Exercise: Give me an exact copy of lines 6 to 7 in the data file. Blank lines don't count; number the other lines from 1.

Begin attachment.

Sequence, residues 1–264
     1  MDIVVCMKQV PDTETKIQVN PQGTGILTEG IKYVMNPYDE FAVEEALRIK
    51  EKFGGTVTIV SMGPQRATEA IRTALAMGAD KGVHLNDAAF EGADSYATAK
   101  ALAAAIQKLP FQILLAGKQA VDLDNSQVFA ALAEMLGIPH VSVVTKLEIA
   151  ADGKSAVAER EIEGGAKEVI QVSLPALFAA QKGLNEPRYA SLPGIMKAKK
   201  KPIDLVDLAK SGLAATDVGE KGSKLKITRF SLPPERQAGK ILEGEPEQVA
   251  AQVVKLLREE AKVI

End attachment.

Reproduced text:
   201  KPIDLVDLAK SGLAATDVGE KGSKLKITRF SLPPERQAGK ILEGEPEQVA
   251  AQVVKLLREE AKVI